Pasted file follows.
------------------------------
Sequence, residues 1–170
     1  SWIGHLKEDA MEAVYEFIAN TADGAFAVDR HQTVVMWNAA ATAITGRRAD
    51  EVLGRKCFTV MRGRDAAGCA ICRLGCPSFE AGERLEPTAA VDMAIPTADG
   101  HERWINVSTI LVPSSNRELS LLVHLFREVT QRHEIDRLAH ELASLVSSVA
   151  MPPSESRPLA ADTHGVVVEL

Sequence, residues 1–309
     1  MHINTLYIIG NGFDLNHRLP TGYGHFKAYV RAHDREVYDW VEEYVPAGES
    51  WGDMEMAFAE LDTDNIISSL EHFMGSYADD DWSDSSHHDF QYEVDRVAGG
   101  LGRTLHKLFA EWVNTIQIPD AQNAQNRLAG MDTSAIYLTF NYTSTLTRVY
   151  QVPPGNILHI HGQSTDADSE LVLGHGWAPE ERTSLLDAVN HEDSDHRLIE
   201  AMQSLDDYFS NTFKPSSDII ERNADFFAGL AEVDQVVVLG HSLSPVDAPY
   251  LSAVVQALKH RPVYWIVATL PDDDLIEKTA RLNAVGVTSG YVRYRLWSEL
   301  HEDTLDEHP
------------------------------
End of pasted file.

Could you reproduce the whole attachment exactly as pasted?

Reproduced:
Sequence, residues 1–170
     1  SWIGHLKEDA MEAVYEFIAN TADGAFAVDR HQTVVMWNAA ATAITGRRAD
    51  EVLGRKCFTV MRGRDAAGCA ICRLGCPSFE AGERLEPTAA VDMAIPTADG
   101  HERWINVSTI LVPSSNRELS LLVHLFREVT QRHEIDRLAH ELASLVSSVA
   151  MPPSESRPLA ADTHGVVVEL

Sequence, residues 1–309
     1  MHINTLYIIG NGFDLNHRLP TGYGHFKAYV RAHDREVYDW VEEYVPAGES
    51  WGDMEMAFAE LDTDNIISSL EHFMGSYADD DWSDSSHHDF QYEVDRVAGG
   101  LGRTLHKLFA EWVNTIQIPD AQNAQNRLAG MDTSAIYLTF NYTSTLTRVY
   151  QVPPGNILHI HGQSTDADSE LVLGHGWAPE ERTSLLDAVN HEDSDHRLIE
   201  AMQSLDDYFS NTFKPSSDII ERNADFFAGL AEVDQVVVLG HSLSPVDAPY
   251  LSAVVQALKH RPVYWIVATL PDDDLIEKTA RLNAVGVTSG YVRYRLWSEL
   301  HEDTLDEHP